Publication Date: February 2010
Publisher: National Center for Policy Analysis (U.S.)
Author(s): Laurence J. Kotlikoff
Research Area: Economics
Keywords: financial crisis; economy
Coverage: United States
Each financial crisis is different, yet they all feature financial institutions making promises they cannot keep. The conventional explanation for the 2008 financial crisis and recession is that it was caused by a housing bubble, spurred by the Federal Reserve's low interest-rate policy and by lax regulatory oversight. All three claims may be true, but they do not identify the underlying institutional cause.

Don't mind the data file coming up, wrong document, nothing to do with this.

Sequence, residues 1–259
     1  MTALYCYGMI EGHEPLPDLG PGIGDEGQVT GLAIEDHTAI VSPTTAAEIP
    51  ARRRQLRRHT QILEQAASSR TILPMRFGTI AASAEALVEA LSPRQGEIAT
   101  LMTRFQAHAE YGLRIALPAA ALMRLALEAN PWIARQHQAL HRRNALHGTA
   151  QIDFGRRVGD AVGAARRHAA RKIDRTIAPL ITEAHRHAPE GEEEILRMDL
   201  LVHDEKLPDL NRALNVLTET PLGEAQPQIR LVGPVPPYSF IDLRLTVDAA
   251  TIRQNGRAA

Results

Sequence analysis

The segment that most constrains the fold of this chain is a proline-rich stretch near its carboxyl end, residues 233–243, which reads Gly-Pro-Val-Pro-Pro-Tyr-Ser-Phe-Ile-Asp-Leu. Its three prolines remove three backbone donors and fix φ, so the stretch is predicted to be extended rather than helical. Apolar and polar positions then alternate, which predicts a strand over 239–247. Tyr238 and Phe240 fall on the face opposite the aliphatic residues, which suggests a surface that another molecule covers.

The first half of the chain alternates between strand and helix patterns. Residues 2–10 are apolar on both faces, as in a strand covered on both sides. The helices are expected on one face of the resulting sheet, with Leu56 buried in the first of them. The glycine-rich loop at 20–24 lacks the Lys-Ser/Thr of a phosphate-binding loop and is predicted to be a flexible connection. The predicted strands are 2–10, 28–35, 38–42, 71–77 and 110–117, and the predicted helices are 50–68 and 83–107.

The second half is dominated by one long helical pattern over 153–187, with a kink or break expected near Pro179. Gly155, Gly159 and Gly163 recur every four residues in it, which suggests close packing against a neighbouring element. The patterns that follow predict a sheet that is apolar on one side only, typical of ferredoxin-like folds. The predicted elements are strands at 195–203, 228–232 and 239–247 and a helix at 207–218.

The federal government's strategy to contain the financial meltdown is to fight each fire one-by-one and rebuild the old system pretty much as was: socialize the risks (having the public take the hit when things go south) and privatize the profits (banks earn big fees when the economy generates high investment returns). This treats the symptoms, not the disease, and will leave the country financially weaker.
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